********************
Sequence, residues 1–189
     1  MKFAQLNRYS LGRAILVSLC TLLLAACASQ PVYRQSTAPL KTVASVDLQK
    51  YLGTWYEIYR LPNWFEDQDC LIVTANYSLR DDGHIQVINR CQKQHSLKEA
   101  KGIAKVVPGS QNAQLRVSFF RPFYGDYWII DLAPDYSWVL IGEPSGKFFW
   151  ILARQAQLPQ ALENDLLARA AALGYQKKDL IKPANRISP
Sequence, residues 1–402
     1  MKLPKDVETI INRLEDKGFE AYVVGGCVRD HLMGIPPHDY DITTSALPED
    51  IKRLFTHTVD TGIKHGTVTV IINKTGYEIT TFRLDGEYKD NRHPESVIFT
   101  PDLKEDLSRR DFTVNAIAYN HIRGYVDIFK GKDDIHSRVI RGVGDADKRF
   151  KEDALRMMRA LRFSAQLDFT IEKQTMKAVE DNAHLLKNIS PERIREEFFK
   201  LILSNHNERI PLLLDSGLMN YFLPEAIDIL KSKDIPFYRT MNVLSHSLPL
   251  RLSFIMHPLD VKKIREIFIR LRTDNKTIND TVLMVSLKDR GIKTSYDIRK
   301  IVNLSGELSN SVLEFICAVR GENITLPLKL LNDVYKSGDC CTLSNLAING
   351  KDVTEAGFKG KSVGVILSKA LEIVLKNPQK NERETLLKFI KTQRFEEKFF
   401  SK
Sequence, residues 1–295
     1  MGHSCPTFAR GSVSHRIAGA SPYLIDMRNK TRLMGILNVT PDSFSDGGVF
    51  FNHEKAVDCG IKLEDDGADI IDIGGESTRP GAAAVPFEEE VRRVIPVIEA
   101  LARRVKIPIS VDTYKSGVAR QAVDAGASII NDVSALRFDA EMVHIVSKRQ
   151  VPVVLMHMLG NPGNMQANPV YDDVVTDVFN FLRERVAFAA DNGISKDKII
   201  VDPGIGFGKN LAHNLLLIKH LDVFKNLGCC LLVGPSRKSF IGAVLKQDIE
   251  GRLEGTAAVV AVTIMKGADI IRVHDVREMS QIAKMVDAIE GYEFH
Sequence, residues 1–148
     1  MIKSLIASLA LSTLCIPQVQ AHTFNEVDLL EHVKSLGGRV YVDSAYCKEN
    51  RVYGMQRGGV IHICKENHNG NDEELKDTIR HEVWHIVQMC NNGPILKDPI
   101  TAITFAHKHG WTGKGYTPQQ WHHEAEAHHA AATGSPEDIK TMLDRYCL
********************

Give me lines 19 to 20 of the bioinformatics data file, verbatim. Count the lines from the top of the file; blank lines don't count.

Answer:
   101  LARRVKIPIS VDTYKSGVAR QAVDAGASII NDVSALRFDA EMVHIVSKRQ
   151  VPVVLMHMLG NPGNMQANPV YDDVVTDVFN FLRERVAFAA DNGISKDKII